The second XP-55 was flown in St Louis on 9 January 1944. The third followed on 25 April 1944 and, soon after, went to Eglin Field, Florida, for tests of its nose-mounted 12.7mm machine-guns.
The XP-55 had the advantage of being constructed largely from non-strategic materials and for a time a jet version, the company Model CW-24C, was contemplated. But lingering problems, including generally poor stability, remained unsolved when the third XP-55 was returned to Wright Field, Ohio, for further tests continuing into 1945.

An artificial stall warning device was introduced to try and correct some of these problems, and between September 16 and October 2, 1944, the second Ascender underwent official USAAF trials. The trials indicated that the XP-55 had satisfactory handling characteristics during level and climbing flight, but at low speeds and during landings there was a tendency on the part of the pilot to over-control on the elevators because of a lack of any useful "feel". Pilot, Russ Schleeh, commented that it was terribly unstable, and that if you took your eyes off the horizon for a moment, even in the landing pattern, the plane would drift wildly off course.

The performance of the XP-55 prototype aircraft built (S/N 42-39347, 42-78845-7) was not very impressive and was in fact inferior to that of the more conventional fighters already in service. Performance was mediocre with the Allison V-1710 engine attaining only 377 mph instead of the hoped-for 500 mph. Engine cooling was also a problem. In addition, by 1944, jet-powered fighter aircraft were clearly the wave of the future. Consequently, no production was undertaken, and further development was abandoned. The third prototype survived the testing program, but was destroyed in an accident on May 27, 1945, at Wright Field, Ohio. The pilot, Captain William C. Glascow, came in low over the field during an air show, attempted a barrel roll at low altitude, and crashed. Not only was the aircraft destroyed but the pilot was killed as well as a passing motorist. The sole surviving XP-55 (42-78846) was flow to Warner Robins Field in Georgia in May of 1945. It was later taken to Freeman Field to await transfer to the National Air Museum at the Smithsonian Institution in Washington. Currently the aircraft is in the Kalamazoo Aviation History Museum undergoing a complete restoration.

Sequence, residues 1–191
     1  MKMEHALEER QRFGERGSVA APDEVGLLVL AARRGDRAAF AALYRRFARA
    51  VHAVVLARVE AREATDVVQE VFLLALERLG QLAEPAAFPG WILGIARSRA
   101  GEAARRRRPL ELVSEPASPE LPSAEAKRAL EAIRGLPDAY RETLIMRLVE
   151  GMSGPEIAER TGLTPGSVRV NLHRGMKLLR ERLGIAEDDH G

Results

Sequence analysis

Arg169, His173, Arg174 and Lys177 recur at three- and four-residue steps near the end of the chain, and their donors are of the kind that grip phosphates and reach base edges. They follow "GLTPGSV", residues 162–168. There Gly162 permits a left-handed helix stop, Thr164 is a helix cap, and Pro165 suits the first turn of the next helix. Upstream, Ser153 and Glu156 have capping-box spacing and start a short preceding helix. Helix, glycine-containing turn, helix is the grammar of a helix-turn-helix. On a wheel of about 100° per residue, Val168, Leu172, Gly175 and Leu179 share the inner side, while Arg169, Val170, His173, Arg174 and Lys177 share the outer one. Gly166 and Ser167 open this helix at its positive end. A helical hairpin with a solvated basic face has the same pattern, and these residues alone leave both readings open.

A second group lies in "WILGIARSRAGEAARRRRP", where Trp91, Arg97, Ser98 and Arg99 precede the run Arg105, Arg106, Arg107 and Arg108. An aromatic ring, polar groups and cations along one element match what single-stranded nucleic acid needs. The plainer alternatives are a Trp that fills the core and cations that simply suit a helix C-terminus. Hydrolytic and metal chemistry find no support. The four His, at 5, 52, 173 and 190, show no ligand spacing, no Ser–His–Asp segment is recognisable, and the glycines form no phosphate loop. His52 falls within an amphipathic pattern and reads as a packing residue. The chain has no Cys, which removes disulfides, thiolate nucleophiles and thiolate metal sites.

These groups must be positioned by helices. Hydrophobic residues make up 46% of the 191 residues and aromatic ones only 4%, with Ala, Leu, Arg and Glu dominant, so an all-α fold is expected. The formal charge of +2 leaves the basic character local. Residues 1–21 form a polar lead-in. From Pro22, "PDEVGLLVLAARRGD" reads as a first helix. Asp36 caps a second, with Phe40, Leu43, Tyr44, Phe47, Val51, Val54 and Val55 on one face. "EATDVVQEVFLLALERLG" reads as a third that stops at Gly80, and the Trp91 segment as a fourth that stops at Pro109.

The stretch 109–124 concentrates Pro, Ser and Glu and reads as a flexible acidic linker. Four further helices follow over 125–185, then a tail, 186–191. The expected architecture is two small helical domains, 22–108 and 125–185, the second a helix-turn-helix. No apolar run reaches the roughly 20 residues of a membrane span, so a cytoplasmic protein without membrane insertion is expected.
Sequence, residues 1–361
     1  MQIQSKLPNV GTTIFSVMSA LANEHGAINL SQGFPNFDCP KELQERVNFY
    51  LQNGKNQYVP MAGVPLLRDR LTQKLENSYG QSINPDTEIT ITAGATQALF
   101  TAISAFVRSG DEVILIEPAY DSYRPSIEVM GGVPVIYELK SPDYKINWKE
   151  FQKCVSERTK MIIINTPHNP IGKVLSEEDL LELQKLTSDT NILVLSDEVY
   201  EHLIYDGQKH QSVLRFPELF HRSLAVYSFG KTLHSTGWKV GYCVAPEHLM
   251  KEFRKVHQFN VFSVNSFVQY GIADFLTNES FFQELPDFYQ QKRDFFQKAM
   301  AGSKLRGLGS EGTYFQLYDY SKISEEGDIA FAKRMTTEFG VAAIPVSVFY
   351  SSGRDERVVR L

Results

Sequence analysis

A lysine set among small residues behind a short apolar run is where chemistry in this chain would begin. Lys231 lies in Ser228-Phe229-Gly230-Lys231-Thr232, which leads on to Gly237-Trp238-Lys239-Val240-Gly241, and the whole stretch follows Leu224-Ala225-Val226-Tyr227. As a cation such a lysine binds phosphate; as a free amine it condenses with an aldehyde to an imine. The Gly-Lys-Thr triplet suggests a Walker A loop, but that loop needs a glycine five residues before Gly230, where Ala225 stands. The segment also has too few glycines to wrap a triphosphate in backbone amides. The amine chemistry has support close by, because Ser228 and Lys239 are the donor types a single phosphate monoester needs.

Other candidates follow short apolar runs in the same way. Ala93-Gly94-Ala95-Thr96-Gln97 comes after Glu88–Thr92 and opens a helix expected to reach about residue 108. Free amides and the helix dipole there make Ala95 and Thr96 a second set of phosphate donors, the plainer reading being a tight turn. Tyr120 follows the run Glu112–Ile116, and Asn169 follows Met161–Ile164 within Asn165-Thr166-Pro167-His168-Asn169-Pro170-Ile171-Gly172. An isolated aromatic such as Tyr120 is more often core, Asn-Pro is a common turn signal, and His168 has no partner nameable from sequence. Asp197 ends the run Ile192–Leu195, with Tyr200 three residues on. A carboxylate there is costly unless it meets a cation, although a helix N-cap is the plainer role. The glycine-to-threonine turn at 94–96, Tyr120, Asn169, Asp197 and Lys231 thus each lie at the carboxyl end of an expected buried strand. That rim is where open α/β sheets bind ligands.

The second XP-55 has survived and is among numerous historically valuable airframes held by the Smithsonian Institue's National Air and Space Museum in Washington D.C.
The name Ascender had originated as a joke on the part of a Curtiss engineer, a reference to the aircrafts rather odd design which was not appreciated by the congressional oversight committee. The name stuck, and eventually became official.

Curtiss-Wright XP-55 Ascender

Engine: 1 x Allison V-1710-95 liquid-cooled V12, 1,275hp, 951kW
Length: 29 ft 7 in  (9.02 m)
Wingspan: 40 ft 7 in (later 44 ft 6 ft)
Wing area: 209.0 sq ft / 19.41 sq.m later 21.83 sq.m / 234.98 sq ft
Height: 9.84ft (3.00m)
Empty Weight: 6,354lbs (2,882kg)
Maximum Take-Off Weight: 7,710lbs (3,497kg)
Maximum Speed: 390mph (628kmh; 339kts) at 19,300 ft (5,885 m)
Service Ceiling: 34,600ft (10,500m)
Climb to 20,000 ft (6,095 m): 7 minutes 6 seconds
Range: 635 miles (1,022 km)
Armament: 4 x 12.7mm (0.5-in) Colt Browning M2 machine guns in nose
Crew: 1

Engine: Menasco C68-5, 275-hp, 633kW